- back to Buyer's FAQ
Here’s what you will need to consider. First and foremost you will need recent, accurate comparables. Make sure this information is clear to you and that you understand how much weight to give each element.
RE: the home you are considering:
- Is the asking price in line with prices of similar homes in the area?
- What is the condition of the home – will you need to spend a substantial amount of time or money making it suit your needs?
- How long has the home been on the market? How many price changes?
- What will be your mortgage amount and monthly payments?
- How much do you really want this particular home? Do you have other options or is this the one?
RE: the comparable sales you will use
- You must consider closing date and the terms of sale. Was it an arms-length transaction- meaning the parties to the transaction (including agents) were not relatives, or there was no reason that the price may have been artificially discounted or inflated. Was this a distressed sale, short sale or foreclosure? Closing date should be reasonably close to your purchase date.
- Was it a cash sale? Financed by a lender? Carry-Back (owner financed)?
- Was the home sold above appraisal price? The buyers may have put additional money down to make this happen.
- What was the condition of each of the comparables? Were there valuable upgrades? A premium lot?
- What is the comparable property’s distance from the home you are considering? If not the same subdivision, is there value difference between the two neighborhoods?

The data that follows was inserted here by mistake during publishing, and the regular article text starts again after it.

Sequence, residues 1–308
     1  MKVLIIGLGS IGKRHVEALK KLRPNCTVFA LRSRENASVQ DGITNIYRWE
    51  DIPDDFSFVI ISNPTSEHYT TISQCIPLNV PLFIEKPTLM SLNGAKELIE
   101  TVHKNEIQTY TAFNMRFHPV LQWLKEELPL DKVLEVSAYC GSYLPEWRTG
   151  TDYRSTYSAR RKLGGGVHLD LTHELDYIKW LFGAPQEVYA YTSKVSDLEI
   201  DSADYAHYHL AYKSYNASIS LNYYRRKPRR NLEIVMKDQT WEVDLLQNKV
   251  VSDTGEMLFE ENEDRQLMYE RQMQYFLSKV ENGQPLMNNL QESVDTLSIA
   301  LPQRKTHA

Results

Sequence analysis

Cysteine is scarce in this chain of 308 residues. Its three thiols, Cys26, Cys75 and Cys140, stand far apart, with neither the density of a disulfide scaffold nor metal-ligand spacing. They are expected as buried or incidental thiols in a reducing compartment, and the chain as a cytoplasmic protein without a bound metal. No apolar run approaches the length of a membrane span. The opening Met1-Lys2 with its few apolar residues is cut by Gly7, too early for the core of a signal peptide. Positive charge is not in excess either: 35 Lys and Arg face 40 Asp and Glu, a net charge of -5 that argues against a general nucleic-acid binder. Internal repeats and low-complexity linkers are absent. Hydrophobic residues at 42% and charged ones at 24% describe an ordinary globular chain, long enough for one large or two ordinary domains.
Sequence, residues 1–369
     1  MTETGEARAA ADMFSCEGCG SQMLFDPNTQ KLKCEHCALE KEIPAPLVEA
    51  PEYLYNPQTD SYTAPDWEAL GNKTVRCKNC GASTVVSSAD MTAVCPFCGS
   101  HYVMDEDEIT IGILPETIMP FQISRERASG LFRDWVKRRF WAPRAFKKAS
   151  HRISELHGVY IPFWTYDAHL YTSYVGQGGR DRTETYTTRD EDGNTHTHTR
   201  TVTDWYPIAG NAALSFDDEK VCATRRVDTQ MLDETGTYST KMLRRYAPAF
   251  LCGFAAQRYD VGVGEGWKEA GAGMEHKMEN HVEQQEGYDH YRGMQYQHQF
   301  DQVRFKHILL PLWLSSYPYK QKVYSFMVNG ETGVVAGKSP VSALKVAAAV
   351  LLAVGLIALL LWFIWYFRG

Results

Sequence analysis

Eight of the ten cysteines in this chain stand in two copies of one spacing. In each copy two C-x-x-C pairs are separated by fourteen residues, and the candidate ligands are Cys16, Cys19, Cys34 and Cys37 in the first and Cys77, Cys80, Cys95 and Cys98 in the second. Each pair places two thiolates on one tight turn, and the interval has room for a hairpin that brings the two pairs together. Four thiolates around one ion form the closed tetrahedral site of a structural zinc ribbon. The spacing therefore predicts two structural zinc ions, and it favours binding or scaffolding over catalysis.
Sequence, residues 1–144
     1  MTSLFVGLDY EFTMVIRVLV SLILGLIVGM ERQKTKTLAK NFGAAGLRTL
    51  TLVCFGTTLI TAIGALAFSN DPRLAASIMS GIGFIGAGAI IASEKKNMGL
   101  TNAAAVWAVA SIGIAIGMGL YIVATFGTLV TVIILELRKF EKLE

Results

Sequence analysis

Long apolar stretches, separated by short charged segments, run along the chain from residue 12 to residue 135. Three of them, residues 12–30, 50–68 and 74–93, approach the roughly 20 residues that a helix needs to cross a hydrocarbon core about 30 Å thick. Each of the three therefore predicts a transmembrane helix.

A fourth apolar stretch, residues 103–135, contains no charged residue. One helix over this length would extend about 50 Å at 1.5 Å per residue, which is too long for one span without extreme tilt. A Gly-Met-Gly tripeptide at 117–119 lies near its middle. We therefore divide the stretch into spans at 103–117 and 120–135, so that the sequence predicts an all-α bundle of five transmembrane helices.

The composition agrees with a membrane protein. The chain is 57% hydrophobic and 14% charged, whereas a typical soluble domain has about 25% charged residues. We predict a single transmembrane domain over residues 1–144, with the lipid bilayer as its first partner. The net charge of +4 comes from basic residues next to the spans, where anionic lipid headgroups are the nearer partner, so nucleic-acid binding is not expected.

Common points of negotiation
The buyer and seller may negotiate many of the associated costs of the transaction. Some common items are: price, financing, closing costs, repairs, appliances and fixtures, landscaping, painting and occupancy time frame. All of these things could effect the price that you offer but remember, some items are considered personal property and can not be included in the price of the home for mortgage purposes. And the final say on value will be the appraisal.
Offers are occasionally rejected outright, but it is common for a seller to counter an offer with terms acceptable to them. Don’t let this intimidate you. Now is when the negotiating really begins.
- Maybe you offer more money, but ask the seller to cover some or all of your closing costs or to make repairs that wouldn’t normally be expected.
- Perhaps you grant the seller more time to move in exchange for a price break or per-diem payment, if you know extra time is what they need.
- Just remember – don’t get so caught up in negotiations that you lose sight of what is in your best interest.
Additional Resources for Home Buyers
Realtor / Veteran
Arizona Elite Properties